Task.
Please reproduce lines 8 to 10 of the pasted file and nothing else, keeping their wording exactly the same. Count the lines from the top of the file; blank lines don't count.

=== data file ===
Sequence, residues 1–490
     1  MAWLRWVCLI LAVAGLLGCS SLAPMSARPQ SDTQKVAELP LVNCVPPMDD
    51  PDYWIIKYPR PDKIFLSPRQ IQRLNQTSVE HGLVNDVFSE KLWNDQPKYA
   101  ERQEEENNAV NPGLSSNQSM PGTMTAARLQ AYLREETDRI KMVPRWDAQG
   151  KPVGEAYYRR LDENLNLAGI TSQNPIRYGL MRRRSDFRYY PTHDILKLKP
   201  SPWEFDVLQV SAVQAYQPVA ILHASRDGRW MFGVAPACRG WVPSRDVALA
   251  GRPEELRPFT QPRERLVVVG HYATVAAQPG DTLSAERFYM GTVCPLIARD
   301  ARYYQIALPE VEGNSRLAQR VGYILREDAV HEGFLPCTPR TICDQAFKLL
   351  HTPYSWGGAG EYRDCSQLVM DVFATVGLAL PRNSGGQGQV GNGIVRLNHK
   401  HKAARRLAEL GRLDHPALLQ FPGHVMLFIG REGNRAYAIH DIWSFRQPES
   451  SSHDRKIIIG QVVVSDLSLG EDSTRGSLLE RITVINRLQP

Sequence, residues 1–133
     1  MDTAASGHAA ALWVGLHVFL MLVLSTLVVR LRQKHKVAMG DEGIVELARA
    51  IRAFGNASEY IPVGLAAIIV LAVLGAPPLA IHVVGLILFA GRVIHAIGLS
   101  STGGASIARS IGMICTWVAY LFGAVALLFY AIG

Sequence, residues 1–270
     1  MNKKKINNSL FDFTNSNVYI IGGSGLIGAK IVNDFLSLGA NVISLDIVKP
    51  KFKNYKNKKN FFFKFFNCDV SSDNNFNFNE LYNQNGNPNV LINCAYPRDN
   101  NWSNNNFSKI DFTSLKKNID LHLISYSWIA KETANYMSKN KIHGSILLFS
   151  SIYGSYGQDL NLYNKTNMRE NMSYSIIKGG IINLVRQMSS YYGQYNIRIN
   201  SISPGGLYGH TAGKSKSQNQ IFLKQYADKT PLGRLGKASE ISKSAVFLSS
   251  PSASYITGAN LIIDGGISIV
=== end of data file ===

   301  ARYYQIALPE VEGNSRLAQR VGYILREDAV HEGFLPCTPR TICDQAFKLL
   351  HTPYSWGGAG EYRDCSQLVM DVFATVGLAL PRNSGGQGQV GNGIVRLNHK
   401  HKAARRLAEL GRLDHPALLQ FPGHVMLFIG REGNRAYAIH DIWSFRQPES